In the final rule, therefore, CMS requires MA organizations to comply with national coverage determinations (NCDs), local coverage determinations (LCDs) and general coverage and benefit conditions required under traditional Medicare regulations. CMS also states that when coverage criteria are not fully established by such statutes, regulations and determinations, MA organizations may create their own publicly accessible internal coverage criteria. Where payers have substituted their own criteria for medical necessity, the rule provides a solid legal basis for appeal and dispute resolution whether by alternative dispute methods or litigation.

The final rule requires that coordinated care plan prior authorization policies may be used only to confirm the presence of diagnoses or other medical criteria and/or to ensure that an item or service is medically necessary. The rule also requires that coordinated care plans provide a transition period of at least 90 days when an enrollee currently undergoing treatment switches to a new MA plan, during which the new plan will not be permitted to require prior authorization for the enrollee’s active course of treatment. Furthermore, the rule states that MA organizations must establish utilization management committees to review all utilization management policies (including prior authorization) annually to ensure that they are consistent with coverage requirements.

CMS requires that MA organizations account for individuals’ circumstances when making medical necessity determinations. CMS does not allow the organizations to use algorithms and other software because the agency deems them incapable of accounting for individual circumstances.d

CMS’s position in proscribing the use of such tools is striking, given that commercial payers increasingly are using algorithms and AI to review claims and making various medical necessity determination without reviewing medical records. Providers should be cautious of MA contract language that allows for software use but does not specify as to how the software is used. For example, while it may be appropriate to use software to note a variety of tests have been unbundled where there is a code for the bundled tests, it is not appropriate to use software alone to change coding, level or service by the claim without reference to the patient’s medical record.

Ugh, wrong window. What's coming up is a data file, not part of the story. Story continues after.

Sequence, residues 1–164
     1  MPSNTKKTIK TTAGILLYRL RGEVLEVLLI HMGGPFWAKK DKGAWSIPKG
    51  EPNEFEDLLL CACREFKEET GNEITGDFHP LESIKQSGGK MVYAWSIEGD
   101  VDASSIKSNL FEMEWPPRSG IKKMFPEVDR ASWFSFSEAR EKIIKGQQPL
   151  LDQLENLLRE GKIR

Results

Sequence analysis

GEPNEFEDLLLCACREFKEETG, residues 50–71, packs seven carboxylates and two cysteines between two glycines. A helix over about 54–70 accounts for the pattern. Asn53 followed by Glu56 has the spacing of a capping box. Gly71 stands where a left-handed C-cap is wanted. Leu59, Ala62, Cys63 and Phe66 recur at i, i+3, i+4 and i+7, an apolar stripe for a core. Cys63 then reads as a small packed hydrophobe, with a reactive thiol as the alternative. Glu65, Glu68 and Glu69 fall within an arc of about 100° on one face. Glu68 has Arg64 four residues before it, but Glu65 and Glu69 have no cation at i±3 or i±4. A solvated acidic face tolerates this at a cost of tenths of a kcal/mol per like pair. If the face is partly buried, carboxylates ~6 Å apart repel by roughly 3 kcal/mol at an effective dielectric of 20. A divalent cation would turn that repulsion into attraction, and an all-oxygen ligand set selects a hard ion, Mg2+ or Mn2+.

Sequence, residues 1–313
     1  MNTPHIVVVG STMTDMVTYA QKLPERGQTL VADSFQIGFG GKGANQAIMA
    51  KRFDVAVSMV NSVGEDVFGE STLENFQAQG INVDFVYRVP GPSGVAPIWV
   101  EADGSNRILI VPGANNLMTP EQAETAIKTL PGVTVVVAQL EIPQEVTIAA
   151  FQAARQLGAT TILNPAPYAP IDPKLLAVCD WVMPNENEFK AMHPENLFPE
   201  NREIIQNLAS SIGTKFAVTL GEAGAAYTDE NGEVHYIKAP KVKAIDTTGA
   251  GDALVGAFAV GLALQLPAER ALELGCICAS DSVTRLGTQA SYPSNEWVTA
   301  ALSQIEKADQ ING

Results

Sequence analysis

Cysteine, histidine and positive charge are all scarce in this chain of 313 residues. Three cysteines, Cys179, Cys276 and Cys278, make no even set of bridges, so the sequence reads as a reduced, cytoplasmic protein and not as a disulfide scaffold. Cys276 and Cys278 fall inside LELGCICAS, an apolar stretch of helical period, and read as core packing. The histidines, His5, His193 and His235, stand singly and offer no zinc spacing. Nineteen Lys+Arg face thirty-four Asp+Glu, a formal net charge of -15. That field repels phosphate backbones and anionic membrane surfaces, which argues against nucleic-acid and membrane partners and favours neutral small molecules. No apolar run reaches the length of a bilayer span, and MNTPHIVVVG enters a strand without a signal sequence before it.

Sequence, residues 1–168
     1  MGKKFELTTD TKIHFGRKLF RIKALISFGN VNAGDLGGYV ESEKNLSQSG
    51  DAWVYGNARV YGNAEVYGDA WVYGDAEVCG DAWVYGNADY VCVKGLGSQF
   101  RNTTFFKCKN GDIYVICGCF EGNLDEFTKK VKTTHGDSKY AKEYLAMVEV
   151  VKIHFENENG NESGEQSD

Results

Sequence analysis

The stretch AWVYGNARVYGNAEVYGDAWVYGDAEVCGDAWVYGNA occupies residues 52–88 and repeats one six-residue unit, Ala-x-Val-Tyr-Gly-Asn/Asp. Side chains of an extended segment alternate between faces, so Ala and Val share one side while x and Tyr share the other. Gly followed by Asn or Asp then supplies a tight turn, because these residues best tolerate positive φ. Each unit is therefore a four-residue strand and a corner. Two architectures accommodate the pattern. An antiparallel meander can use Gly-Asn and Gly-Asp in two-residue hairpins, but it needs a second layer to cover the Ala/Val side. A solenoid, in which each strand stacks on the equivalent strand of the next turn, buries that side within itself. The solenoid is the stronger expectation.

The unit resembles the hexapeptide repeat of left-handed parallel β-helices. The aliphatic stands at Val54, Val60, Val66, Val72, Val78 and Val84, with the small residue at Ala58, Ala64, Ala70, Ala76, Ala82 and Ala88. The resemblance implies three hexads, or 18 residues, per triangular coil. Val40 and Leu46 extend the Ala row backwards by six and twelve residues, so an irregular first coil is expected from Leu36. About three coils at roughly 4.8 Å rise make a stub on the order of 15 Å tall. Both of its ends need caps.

2 Advancements in quality rating systems

CMS developed the Medicare Stars rating system to measure the quality of MA and Prescription Drug (Part D) plans. Measurements are based on customer satisfaction and quality of care. The goal of Medicare Stars is to improve the quality of care and general health status for Medicare beneficiaries and increase accountability for the care given by providers. Some star ratings provisions are not yet finalized and will be provided by CMS in the future.

3 Promotion of health equity

In the final rule, CMS has included changes aimed at improving health equity for populations with certain social risk factors. Specifically, CMS aims to ensure that services are provided in a “culturally competent” manner by implementing new requirements for provider directories. Although MA organizations are already required to provide enrollees with provider directories, the final rule requires that these directories henceforth include providers’ cultural and linguistic capacities.

Responding to stakeholder comments, CMS acknowledged the importance of eventually providing MA organizations and providers with a universal database for provider directories, but the agency has no immediate plans to roll out the database.

The rule also addresses health equity by requiring MA organizations to offer digital health education for enrollees and incorporate these and other health equity activities into existing quality improvement programs. Further, beginning with the 2027 Star Ratings, CMS finalized a health equity index (HEI) reward to encourage MA and Part D plans to improve care for enrollees with social risk factors.

4 Applicability of the two-midnight rule

The extension of the two-midnight rule to MA organizations in a 2023 final rule, effective Jan. 1 of this year, represented a significant regulatory alignment, ensuring consistency in coverage benchmarks and reimbursement policies.